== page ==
structures may spoil the thin shells of microcapsule (broken or ruptured), the
encapsulated PCM will lose the shells protection [20]. Hence, the mechanical properties of
composites will decrease following with the internal cracks or microcapsules rupture [21].

Energy Storage in the Emerging Era of Smart Grids

124
These entire interface changes certainly influence and shorten the service-life of these
microPCMs/polymer composites [1].
It can be imaged from Fig. 10 that the encapsulated PCMs characteristics, microPCMs shell
properties (thickness, intension and average diameter), matrix and the interfacial adhesion
structures (microPCMs and matrix) are four main factors affecting the interfacial stability of
microPCMs/polymer composites. To simplify this complex problem in this study, the shell
property could be regarded as the only one characteristic being considered because of the
microPCMs/polymer composites with the same shell and matrix materials. Normally, the
microcapsule shell properties are determined by the weight ratios of core and shell materials
and emulsification rates [22].


Fig. 10. Illustration of the mechanism of the interfacial morphologies changes between
microPCMs and matrix polymers after repeated heat transmittance.
Based on these considerations, the purpose of this work was to fabricate novel microPCMs
containing dodecanol by an in-situ polymerization using methanol-modified melamine-
formaldehyde (MMF) as shell material and investigate the interfacial morphologies changes of
microPCMs/epoxy composites treated with a simulant thermal process with a 10-times rapid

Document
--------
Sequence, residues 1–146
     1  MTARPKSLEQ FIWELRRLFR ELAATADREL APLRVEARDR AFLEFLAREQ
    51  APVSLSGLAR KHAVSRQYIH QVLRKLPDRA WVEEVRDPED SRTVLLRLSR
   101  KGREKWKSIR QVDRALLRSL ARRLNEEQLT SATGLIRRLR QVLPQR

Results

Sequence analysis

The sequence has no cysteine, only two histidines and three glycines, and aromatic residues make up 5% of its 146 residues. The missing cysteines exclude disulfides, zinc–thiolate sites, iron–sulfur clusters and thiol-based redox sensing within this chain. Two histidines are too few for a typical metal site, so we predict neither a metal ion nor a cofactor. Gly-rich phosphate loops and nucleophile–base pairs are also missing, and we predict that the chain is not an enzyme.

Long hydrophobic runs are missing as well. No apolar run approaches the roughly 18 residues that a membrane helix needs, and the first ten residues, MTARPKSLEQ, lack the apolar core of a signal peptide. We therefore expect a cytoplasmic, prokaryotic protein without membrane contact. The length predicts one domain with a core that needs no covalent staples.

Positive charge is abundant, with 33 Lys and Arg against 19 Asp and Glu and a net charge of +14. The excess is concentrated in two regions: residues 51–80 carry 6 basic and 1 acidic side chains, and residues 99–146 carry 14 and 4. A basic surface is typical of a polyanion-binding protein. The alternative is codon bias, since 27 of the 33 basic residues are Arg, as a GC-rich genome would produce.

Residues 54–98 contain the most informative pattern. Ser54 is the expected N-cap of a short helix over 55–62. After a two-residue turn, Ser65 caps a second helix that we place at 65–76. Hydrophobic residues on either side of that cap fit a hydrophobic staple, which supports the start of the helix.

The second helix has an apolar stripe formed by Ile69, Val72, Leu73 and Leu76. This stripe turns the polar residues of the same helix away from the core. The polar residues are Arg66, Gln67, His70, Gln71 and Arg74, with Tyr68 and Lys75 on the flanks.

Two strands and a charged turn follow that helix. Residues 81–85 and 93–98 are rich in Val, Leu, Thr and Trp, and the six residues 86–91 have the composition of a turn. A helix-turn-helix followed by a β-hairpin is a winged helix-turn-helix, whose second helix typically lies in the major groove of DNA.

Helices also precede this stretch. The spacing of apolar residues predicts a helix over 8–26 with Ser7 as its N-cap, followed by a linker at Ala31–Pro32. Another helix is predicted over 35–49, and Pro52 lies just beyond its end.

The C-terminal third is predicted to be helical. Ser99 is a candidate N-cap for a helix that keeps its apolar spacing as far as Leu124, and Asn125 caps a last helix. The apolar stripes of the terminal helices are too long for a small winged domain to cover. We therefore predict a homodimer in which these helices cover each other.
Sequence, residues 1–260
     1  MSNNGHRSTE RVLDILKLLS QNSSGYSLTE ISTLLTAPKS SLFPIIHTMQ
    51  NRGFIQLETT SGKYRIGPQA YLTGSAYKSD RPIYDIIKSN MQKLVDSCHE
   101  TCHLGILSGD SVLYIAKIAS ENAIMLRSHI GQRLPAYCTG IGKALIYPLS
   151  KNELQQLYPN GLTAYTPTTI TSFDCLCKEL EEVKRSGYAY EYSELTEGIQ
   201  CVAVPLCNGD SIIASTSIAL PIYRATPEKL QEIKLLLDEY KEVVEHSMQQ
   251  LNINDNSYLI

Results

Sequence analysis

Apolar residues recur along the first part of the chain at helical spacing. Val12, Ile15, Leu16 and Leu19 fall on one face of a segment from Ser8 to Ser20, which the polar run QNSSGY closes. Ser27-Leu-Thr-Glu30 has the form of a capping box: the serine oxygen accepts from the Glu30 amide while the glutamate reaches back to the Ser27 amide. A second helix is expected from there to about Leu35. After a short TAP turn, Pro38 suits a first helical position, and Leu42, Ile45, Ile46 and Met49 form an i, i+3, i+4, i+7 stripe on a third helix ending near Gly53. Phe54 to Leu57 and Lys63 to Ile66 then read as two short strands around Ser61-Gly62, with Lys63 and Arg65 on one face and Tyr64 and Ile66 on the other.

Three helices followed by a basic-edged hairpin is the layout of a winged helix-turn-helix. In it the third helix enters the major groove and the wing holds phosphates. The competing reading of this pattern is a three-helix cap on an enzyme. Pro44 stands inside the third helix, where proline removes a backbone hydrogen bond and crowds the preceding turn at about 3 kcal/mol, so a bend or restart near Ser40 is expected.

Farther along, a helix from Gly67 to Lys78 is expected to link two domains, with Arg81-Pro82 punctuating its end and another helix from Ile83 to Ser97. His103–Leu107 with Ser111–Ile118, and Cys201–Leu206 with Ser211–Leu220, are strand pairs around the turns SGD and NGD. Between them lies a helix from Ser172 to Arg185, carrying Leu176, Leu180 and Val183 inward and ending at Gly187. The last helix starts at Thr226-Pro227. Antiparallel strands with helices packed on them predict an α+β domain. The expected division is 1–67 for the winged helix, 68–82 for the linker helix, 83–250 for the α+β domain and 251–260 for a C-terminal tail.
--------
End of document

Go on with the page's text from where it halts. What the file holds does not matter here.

temperature variation. A series of microPCMs with different core material (dodecanol)
contents and diameters were prepared and embedded in epoxy resin to investigate the
interfacial phenomena generated by the expansion or shrinking of the microPCMs during
temperature change. Under this simulant and controlled thermal treatment conditions, the
affects of average diameters and PCMs ratios of microPCMs on the interface morphologies of
microPCMs/epoxy composite were analyzed applied the scanning electron microscopy
(SEM). We believe these results will be guides for the fabrication and application of these
functional composites.
3.1 Fabrication method
Dodecanol (Tianjin Kemel Chemical Reagent Development Center, Tianjin, China) was used
as the PCM (core material). Its solid-liquid phase change temperature was about 21 C. The

Fabrication and Characterization of MicroPCMs

125
shell material was prepolymer of melamine-formaldehyde modified by methanol (Solid
content was 78. 0%, Aonisite Chemical Trade Co. , Ltd. , Tianjin). Styrene maleic anhydride
(SMA) copolymer (Scripset

520, USA) was applied as dispersant. Organic diluent (Butyl
glycidyl ether), bisphenol-A epoxy resin (E-51) and curing agent (amine) were supplied by
Tianjin Synthetic Material Research Institute (Tianjin, China).
The encapsulation was carried out in a 500 ml three-neck round-bottomed flask. 3. 0 g SMA
and 0. 8 g NaOH were dissolved in 100 ml water (50 C). The pH value was adjusted to 4-5
by acetic acid solution. 10. 0 g dodecanol was added to the aqueous SMA solution, and the
mixture was emulsified mechanically under a vigorous stirring rate of 3000 rmin
-1
for 10
min using QSL high-speed disperse-machine (Shanghai Hongtai Ltd. , Shanghai, China).
Then dropped the emulsion in the bottle dipped in steady temperature flume and stirred at
a speed of 1500 rmin
-1
, and dropped 25 g mixture of prepolymer (12. 8 g) and deionized
water at a rate of 0. 25 gmin
-1
. The shell formed after 2. 5 h by heating slowly to temperature
of 60 C. After 30 min, the temperature was elevated to 75C directly. After polymerization
for 1. 5 h, temperature was dropped slowly at 2 Cmin
-1
to room temperature. The resultant
microcapsules were filtered and washed with water and dried in a vacuum oven.
The 5 g of dodecanol microcapsules was mixed with 1. 5 g organic diluent (Butyl glycidyl
ether) by ultrasonic vibration for 5 min. The power of ultrasonic devices was 40 W. The 10 g
bisphenol-A epoxy resin was dropped in the mixture prepared, and then the mixture was
mixed by the same ultrasonic vibration for 5 min. 2. 5 g of amine curing agent was added
and ultrasonic vibrated for 5 min. At last, the mixture prepared was casted in the PTFE